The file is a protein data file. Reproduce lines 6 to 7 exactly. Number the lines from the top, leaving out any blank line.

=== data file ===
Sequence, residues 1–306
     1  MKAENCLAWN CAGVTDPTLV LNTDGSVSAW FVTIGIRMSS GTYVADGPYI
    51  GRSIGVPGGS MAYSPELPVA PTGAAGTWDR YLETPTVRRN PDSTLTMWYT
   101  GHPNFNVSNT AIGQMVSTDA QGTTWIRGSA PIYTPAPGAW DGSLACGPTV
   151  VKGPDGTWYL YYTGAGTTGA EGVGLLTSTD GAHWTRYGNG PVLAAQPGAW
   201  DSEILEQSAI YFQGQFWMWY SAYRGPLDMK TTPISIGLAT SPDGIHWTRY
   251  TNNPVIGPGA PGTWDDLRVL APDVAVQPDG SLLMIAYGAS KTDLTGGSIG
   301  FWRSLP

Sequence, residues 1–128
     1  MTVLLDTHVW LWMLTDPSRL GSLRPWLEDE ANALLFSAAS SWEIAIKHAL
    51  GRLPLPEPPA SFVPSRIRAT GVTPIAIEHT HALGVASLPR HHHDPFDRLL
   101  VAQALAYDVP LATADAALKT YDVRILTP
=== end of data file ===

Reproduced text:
   201  DSEILEQSAI YFQGQFWMWY SAYRGPLDMK TTPISIGLAT SPDGIHWTRY
   251  TNNPVIGPGA PGTWDDLRVL APDVAVQPDG SLLMIAYGAS KTDLTGGSIG